Recovery Connections

John Schwary is CEO of Transitional Living Communities, an 850-bed recovery program he founded in Mesa, Arizona January 9, 1992, when he had a year sober. He's in his 28th year of recovery.

In these posts, he views life mostly through the lenses of recovery. While the blog is factual, he often disguises events and people to protect anonymity.

Sunday, July 24, 2011

The Enemy

“We have met the enemy and it is us…” Pogo.

The client sat across from me at the desk, a bundle of raw emotion. He had a tangled ball of issues. He was going through divorce. He couldn't find a job. He was losing his home. He was suffering from a hernia. He felt like smoking crack.

I asked what he could do about these things right now.

"What do you mean?" he asked me.

"How are you going to deal with all these things right now?" I asked him.

"I don't understand," he responded.

"You can only deal with one of these issues at a time," I told him.

This client was like many who show up: very emotional, very upset, and ready to go drink or do drugs. He had taken everything negative that's going on in his life and bundled them up into one package of emotion. He had made his issues so complex by mixing them together that he was understandably upset.

I asked him to list everything that's going on in his life. Then I asked him to select the ones that he could deal with at the moment. Obviously this man couldn't deal with his divorce at the moment, nor could he deal with losing his home or with his medical issues. But he could deal with his feelings of wanting to smoke crack and his inability to find a job.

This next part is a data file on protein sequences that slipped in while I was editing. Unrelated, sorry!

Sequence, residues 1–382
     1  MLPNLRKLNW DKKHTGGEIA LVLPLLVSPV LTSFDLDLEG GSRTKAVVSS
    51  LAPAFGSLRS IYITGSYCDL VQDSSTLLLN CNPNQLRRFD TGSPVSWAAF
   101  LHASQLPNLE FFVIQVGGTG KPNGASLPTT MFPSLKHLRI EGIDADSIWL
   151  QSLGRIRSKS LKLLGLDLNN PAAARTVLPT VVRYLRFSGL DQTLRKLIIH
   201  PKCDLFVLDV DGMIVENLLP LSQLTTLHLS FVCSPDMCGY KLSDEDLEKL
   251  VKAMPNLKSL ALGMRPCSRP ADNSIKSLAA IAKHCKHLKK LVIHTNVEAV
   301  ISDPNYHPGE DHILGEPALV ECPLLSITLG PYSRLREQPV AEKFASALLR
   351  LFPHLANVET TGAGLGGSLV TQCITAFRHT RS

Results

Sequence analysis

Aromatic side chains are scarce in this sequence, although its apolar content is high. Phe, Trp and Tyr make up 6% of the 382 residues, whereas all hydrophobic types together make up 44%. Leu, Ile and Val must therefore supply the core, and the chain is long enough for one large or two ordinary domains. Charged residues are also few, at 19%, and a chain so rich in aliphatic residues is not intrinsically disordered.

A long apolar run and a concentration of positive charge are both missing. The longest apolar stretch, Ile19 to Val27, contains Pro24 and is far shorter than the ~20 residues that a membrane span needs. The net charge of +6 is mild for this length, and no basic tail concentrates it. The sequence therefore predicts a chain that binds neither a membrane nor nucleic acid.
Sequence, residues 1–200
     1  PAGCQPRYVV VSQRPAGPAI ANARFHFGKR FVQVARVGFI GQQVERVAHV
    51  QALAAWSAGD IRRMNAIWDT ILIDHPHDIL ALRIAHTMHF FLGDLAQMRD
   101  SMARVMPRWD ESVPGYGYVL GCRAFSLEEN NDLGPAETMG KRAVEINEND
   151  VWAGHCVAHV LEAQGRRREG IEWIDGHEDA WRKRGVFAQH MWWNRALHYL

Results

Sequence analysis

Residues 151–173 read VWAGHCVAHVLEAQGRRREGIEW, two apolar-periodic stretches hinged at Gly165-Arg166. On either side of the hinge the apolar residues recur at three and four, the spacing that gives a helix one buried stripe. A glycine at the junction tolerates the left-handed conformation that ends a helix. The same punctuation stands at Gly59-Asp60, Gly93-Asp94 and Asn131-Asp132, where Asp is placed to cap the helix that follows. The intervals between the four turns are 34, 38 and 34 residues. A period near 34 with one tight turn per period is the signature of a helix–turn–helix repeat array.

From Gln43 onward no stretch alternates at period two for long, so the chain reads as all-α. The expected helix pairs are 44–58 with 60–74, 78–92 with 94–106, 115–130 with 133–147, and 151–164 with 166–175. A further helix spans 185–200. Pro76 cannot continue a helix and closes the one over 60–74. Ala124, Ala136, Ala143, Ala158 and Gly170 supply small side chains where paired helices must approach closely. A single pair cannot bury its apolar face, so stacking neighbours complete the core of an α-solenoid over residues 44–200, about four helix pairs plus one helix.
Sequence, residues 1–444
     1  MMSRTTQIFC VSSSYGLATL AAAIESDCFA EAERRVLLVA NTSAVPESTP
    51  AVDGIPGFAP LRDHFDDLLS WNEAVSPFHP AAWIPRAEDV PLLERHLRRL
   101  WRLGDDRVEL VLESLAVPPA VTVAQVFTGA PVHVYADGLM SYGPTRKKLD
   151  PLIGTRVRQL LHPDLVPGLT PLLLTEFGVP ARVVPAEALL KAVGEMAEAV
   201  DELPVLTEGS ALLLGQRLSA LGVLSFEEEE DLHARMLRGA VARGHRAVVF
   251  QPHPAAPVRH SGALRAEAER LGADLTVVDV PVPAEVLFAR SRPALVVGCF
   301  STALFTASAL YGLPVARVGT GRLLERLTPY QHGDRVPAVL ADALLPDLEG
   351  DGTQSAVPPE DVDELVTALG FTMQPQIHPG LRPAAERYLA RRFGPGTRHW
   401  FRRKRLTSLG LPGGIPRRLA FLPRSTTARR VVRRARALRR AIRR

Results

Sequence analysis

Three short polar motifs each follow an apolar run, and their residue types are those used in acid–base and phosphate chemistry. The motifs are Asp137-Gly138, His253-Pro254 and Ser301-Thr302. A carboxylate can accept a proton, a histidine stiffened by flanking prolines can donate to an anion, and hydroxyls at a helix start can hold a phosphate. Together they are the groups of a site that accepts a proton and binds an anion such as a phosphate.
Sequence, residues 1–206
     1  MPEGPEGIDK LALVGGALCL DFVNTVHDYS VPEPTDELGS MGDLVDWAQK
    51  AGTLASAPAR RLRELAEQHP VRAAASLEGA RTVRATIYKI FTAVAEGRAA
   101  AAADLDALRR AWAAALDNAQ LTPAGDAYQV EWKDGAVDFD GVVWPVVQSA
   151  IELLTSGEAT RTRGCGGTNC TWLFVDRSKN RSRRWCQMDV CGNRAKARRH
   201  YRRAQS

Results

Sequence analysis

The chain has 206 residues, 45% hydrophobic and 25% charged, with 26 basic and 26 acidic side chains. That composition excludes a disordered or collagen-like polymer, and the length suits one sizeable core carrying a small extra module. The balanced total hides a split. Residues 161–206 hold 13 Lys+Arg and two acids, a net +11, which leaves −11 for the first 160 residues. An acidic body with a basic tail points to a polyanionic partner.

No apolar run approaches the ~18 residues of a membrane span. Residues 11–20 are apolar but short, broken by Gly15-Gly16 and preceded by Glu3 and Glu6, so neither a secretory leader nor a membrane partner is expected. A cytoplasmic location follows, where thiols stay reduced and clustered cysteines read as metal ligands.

I told him he could deal with his desire to smoke crack by talking to his sponsor and perhaps going to a meeting. As to finding a job, he needed to look every day until he found work. His full-time job should be to find a job. Once I broke these issues down into smaller pieces he could deal with he felt better. He started to realize he was mixing everything together and putting all his problems on an equal footing. I explained to him that when him we have something going on in our lives it might take weeks, months or even years to resolve them all. I told him that, for example, my divorce took nearly three years before it was resolved.

We addicts seem to build situations in our mind that could lead us to use again. Do we do this because we subconsciously know that we can remove the pain with a quick fix or drink? It says in the book that our disease is "cunning, baffling, and powerful."